In the time of Omicron, thoughts do turn toward human mortality — and while trudging down Davy Brown Trail in Fir Canyon and then up to the Willow Jumble (and Spring) sacred site, my thoughts bent to eminent religious scholar Mircea Eliade.
Eliade taught at UCSB in 1969 when I was an undergraduate student there majoring in history. After hearing his talk in Lotte Lehmann Hall, my interest in nature and spirituality soared as I continued to seek divinity in the natural world (see 4.1.1. Books).
When some philosophers limit time to linear and rectilinear paradigms — forgetting the glories and mythic power of ancient song and recurring indigenous rituals in nature — they find themselves literally “at the end of the line.” A trail to nowhere, perhaps a path continuing beyond that northside Figueroa Mountain rock jumble? Or, the line may extend infinitely, like some imagine the cosmos does, but this track then again may curl into circular legends like the Stoic’s “myth of the eternal return” (also celebrated by Nietzsche).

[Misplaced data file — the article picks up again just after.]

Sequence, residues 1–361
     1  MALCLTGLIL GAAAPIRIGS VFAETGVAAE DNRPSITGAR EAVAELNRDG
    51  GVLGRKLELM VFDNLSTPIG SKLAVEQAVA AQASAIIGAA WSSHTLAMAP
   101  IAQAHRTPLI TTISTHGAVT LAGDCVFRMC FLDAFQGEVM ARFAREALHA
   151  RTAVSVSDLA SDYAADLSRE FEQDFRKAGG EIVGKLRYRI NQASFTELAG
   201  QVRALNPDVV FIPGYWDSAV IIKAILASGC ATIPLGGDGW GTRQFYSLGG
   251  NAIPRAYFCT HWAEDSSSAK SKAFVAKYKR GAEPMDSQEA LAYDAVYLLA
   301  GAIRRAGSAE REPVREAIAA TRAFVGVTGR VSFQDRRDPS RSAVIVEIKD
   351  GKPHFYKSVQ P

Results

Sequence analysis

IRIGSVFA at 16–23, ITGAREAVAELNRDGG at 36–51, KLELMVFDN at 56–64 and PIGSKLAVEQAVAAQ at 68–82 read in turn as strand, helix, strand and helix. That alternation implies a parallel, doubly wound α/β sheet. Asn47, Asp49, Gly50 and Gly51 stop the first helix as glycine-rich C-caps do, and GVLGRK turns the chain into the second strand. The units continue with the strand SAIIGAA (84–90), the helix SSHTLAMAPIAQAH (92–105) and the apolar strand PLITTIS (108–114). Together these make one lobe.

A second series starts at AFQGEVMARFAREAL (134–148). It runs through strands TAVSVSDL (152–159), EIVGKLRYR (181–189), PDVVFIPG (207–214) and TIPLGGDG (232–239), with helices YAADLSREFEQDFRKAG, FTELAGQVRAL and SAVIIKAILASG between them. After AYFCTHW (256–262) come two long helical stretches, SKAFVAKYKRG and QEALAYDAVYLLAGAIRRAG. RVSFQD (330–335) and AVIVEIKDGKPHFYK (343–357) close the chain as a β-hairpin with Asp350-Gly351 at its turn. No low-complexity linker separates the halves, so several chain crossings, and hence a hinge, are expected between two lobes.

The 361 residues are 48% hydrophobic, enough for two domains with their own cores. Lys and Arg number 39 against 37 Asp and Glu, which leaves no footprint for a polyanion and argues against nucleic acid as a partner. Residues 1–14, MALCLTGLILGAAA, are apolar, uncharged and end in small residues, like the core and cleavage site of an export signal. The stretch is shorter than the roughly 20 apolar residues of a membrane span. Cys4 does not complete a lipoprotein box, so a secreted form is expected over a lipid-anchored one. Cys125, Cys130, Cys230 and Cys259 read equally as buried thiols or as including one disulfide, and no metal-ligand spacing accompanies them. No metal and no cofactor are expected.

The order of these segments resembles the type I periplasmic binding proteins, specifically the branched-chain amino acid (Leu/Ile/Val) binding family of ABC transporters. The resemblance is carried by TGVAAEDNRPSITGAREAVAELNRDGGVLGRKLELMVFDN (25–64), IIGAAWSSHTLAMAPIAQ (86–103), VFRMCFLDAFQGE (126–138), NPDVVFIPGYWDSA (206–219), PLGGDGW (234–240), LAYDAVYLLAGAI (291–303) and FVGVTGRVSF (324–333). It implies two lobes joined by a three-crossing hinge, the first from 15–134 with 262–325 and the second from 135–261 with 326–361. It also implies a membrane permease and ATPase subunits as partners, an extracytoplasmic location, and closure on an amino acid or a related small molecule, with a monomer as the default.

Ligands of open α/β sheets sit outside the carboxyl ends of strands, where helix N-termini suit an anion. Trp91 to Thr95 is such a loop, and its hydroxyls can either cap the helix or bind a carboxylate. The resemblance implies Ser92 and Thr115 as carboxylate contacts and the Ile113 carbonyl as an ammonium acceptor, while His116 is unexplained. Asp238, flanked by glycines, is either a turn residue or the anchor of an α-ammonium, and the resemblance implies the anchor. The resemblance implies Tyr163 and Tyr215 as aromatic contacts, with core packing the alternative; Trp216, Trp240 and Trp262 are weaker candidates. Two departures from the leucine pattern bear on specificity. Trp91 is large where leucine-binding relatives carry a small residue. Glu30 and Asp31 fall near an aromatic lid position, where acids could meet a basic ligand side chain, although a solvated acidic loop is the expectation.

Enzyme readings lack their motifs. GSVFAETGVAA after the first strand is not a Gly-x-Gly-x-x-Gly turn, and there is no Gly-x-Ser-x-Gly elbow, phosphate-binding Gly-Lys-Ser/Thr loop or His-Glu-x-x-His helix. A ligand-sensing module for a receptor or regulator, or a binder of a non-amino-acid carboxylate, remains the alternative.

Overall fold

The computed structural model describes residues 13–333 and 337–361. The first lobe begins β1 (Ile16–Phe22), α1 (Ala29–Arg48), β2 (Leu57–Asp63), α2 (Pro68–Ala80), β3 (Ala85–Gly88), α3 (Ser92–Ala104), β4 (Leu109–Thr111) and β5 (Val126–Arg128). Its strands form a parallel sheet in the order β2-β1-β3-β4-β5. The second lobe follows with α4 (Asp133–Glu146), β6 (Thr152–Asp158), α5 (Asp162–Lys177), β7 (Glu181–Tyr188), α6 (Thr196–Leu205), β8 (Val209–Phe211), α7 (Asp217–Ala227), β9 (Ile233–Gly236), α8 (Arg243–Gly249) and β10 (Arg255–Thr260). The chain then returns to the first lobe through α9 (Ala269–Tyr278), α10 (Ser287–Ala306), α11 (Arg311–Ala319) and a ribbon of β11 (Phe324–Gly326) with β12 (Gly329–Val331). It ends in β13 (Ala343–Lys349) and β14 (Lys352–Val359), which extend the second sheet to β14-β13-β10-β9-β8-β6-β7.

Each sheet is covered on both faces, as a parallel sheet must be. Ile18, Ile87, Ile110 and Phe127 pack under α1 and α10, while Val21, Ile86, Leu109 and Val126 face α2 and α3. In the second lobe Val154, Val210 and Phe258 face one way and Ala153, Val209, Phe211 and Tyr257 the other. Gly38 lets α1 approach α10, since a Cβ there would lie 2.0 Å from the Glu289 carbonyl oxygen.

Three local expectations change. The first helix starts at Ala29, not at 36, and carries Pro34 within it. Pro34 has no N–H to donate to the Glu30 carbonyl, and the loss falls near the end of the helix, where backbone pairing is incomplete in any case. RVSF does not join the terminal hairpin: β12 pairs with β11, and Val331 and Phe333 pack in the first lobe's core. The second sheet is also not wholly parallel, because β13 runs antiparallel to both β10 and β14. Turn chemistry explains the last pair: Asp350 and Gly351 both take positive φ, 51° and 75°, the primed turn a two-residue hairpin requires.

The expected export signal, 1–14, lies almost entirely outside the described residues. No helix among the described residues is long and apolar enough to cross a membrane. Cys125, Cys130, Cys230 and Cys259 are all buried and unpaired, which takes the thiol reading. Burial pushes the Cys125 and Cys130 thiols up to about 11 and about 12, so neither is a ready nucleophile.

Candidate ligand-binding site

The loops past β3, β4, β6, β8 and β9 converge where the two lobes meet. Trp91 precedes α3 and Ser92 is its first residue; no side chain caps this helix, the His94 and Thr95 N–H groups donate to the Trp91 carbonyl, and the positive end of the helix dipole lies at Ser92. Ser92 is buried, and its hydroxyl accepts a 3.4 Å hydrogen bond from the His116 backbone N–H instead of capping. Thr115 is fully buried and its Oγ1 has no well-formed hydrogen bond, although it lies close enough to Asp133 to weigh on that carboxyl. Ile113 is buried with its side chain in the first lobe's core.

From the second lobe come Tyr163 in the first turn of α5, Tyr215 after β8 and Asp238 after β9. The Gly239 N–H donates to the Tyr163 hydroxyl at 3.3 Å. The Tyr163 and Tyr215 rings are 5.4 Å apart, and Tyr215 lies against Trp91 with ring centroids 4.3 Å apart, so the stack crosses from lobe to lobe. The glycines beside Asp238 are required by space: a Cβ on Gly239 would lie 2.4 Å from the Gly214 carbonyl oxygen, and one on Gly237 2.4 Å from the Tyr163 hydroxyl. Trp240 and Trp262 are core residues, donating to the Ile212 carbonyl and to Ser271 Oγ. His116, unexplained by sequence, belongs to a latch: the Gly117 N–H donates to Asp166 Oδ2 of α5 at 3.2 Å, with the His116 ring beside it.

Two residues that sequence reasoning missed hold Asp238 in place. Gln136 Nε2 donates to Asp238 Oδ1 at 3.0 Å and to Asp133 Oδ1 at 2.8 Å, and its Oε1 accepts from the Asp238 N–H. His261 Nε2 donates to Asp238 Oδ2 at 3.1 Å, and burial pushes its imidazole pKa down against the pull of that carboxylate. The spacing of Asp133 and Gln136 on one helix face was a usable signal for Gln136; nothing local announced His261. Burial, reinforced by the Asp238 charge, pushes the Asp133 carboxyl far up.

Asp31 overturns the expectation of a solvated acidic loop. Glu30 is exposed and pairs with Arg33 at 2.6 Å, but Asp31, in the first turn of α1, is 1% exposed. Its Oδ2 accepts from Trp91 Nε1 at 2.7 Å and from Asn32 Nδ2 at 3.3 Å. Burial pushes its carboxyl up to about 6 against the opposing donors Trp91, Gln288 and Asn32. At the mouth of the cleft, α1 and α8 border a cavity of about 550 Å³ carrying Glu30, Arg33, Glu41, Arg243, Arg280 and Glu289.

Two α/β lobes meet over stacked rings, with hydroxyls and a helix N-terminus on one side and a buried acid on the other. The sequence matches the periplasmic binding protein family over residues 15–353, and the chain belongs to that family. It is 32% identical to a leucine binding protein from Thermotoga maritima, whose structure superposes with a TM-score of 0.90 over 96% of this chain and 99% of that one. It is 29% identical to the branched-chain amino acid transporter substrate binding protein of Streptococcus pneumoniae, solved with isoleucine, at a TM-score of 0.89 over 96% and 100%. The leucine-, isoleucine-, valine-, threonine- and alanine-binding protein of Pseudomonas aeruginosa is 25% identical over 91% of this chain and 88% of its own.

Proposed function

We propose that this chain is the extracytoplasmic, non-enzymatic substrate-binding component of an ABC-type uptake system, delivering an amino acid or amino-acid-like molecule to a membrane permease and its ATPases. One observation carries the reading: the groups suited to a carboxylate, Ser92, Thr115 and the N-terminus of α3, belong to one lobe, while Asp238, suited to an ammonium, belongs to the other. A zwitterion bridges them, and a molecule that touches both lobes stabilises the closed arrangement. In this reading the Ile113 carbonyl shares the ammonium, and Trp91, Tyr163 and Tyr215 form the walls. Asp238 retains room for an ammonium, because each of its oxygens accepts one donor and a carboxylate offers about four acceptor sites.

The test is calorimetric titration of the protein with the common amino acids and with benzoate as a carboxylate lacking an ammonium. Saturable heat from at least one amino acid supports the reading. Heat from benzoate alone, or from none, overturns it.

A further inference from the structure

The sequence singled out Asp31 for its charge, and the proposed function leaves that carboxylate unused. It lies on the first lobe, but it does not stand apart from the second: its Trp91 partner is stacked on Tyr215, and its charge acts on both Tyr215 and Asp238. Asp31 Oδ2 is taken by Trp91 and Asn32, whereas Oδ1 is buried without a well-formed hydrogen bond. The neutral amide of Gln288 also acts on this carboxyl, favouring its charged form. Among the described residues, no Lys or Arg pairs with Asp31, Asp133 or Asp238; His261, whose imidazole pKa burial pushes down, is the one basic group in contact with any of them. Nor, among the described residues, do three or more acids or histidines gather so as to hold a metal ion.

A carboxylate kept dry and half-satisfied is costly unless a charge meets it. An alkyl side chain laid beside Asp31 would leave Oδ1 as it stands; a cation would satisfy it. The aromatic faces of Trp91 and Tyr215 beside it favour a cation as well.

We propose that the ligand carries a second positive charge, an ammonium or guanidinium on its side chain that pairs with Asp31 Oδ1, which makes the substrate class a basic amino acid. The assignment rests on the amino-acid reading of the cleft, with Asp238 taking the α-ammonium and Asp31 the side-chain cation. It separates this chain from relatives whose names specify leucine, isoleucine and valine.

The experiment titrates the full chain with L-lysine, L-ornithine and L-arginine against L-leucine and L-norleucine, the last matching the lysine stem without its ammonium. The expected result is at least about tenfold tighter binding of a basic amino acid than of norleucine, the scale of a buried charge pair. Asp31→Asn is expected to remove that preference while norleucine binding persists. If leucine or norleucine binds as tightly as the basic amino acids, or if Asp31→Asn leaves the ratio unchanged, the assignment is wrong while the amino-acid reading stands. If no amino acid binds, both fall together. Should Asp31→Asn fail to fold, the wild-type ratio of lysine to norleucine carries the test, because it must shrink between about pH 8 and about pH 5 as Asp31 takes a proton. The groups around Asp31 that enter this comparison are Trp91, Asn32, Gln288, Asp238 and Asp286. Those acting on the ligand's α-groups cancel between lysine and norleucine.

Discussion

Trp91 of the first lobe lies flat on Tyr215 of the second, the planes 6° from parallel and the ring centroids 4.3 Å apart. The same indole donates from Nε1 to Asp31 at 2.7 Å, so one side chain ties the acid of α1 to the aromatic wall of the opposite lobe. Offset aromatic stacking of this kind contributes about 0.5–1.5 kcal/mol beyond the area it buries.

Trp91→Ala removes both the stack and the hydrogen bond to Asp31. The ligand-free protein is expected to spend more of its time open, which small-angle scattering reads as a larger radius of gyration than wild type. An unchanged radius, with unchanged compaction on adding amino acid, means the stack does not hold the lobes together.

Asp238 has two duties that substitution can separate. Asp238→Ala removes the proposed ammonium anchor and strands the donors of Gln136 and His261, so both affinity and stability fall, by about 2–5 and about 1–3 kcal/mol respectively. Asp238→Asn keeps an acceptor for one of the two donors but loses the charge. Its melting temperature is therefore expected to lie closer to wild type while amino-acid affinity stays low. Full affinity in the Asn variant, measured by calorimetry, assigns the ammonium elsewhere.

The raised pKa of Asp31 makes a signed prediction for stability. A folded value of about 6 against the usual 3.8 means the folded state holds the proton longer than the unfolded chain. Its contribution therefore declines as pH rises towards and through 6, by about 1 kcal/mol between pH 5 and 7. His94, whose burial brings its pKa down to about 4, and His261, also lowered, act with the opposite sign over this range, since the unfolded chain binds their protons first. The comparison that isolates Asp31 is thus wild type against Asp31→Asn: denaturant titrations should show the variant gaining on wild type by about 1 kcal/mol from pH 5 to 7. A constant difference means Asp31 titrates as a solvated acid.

Strictly linear thinkers caution against speculations about death since that condition is unknowable. We can imagine the end of ontology and infatuation with Sartre’s “Being and Nothingness” drivel that contends there is no Being beyond this apparent Becoming (linear time).
So long as the road to Davy Brown and Nira camps remains closed at Cachuma Saddle, the only way to reach the spectacular Willow Jumble is to start at the top of the Davy Brown Trail. Ignore the other trailhead sign there with “Closed Below” since only the U.S. Forest Service camp is shuttered; the Davy Brown Trail into Fir Canyon remains open.